National News

To Help Prevent the Next Big Wildfire, Let the Forest Burn

Posted December 1, 2018 3:37 p.m. EST

Small, controlled fires today could mean fewer big, destructive fires tomorrow.

Much of California’s forested land is overgrown, partly because of federal regulations from 1910 that mandated stamping out wildfires as soon as possible. These policies were revised in the 1960s and ‘70s to allow some fires to run their course, but much of the West has found that politically, and practically, difficult.

At the height of the recent blazes in Malibu and Paradise, California, President Donald Trump tweeted that there was “no reason” for the fires besides “gross mismanagement” by the state. Experts, however, attribute California’s string of destructive fires to three trends: decades of fire suppression, more people in fire-prone areas and hotter, drier conditions caused by climate change.

The solution needs to address all these things, but to begin, policymakers and citizens must abandon the idea that fire is always a threat. Instead, they should permit modest, ecologically necessary wildfires to burn.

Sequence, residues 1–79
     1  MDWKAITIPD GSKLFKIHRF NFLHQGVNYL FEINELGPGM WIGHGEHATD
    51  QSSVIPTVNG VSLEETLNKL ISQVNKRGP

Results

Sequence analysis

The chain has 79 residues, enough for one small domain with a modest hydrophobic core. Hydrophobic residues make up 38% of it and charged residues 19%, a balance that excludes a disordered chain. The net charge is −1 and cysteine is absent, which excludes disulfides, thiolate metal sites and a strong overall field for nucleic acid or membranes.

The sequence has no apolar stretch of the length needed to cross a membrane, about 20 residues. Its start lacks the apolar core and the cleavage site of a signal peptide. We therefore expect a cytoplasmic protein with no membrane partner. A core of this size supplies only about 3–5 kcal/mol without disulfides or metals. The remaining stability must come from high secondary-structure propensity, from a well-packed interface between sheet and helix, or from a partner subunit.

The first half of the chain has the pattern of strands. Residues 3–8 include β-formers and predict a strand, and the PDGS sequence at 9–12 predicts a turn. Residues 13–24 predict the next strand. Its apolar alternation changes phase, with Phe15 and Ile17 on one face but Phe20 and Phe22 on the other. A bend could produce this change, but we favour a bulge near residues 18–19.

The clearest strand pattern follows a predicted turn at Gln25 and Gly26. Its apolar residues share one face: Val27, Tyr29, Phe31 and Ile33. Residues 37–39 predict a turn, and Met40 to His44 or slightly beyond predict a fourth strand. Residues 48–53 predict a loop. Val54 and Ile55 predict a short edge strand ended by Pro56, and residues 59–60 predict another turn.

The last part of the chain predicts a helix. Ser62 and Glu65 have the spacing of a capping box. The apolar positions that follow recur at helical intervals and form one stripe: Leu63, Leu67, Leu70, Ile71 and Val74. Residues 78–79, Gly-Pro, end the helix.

Before the 1800s, most forests in California burned every five to 25 years from wildfires caused by lightning or Native American burning practices, said Scott Stephens, a fire ecologist at the University of California, Berkeley.

Forests across California have grown much denser over the past 70 years, partly because large trees have been harvested by loggers. In their place are many young, small trees that burn more easily because of their thinner bark and slimmer trunks.

Decreasing the amount of fuel available to wildfires requires practices that remove vegetation, like prescribed fires and the selective removal of smaller trees.

Patchwork forest ownership impedes the use of these strategies. Almost 40 percent of California’s forested land is owned by private landowners, most of whom own small tracts, lack the expertise to conduct prescribed burns and fear being held liable if the fire spreads.

Complicating matters, more than 11 million Californians live in what’s called the wildland-urban interface, fire-prone areas between unoccupied land and developed zones. The presence of people in these areas makes it difficult to conduct prescribed burns and increases wildfire risk because of the proximity of flammable vegetation to human-related ignition sources.

The changing climate in California is worsening these tinderboxlike conditions and stressing crowded trees already competing for water. Recently, more than 120 million trees have prematurely died because of drought and bark beetle infestations, according to the Forest Service, providing more fuel for future fires.

California is trying to collect itself at the end of its most destructive and deadliest wildfire season. But recovery is not just about donating to relief efforts and rebuilding homes. It’s also about creating a new culture in the state, one that respects the role that carefully planned fires play in preventing disasters.